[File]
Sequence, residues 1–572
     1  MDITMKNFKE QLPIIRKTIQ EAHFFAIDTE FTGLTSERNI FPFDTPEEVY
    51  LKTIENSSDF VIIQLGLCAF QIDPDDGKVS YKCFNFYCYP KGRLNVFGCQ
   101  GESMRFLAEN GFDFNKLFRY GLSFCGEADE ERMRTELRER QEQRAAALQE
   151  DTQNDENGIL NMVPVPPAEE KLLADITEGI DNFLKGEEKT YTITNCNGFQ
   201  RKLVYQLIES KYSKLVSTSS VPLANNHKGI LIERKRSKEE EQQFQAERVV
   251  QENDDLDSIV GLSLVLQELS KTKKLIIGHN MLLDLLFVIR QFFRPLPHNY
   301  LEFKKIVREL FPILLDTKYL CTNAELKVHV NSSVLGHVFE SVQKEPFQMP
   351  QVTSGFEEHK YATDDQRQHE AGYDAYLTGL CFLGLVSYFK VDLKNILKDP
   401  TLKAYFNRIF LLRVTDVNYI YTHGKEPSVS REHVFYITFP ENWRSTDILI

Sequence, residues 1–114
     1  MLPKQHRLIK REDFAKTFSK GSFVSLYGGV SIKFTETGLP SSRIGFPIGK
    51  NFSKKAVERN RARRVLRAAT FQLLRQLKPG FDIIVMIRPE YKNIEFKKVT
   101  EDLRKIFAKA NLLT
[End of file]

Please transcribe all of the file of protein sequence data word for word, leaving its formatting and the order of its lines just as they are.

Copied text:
Sequence, residues 1–572
     1  MDITMKNFKE QLPIIRKTIQ EAHFFAIDTE FTGLTSERNI FPFDTPEEVY
    51  LKTIENSSDF VIIQLGLCAF QIDPDDGKVS YKCFNFYCYP KGRLNVFGCQ
   101  GESMRFLAEN GFDFNKLFRY GLSFCGEADE ERMRTELRER QEQRAAALQE
   151  DTQNDENGIL NMVPVPPAEE KLLADITEGI DNFLKGEEKT YTITNCNGFQ
   201  RKLVYQLIES KYSKLVSTSS VPLANNHKGI LIERKRSKEE EQQFQAERVV
   251  QENDDLDSIV GLSLVLQELS KTKKLIIGHN MLLDLLFVIR QFFRPLPHNY
   301  LEFKKIVREL FPILLDTKYL CTNAELKVHV NSSVLGHVFE SVQKEPFQMP
   351  QVTSGFEEHK YATDDQRQHE AGYDAYLTGL CFLGLVSYFK VDLKNILKDP
   401  TLKAYFNRIF LLRVTDVNYI YTHGKEPSVS REHVFYITFP ENWRSTDILI

Sequence, residues 1–114
     1  MLPKQHRLIK REDFAKTFSK GSFVSLYGGV SIKFTETGLP SSRIGFPIGK
    51  NFSKKAVERN RARRVLRAAT FQLLRQLKPG FDIIVMIRPE YKNIEFKKVT
   101  EDLRKIFAKA NLLT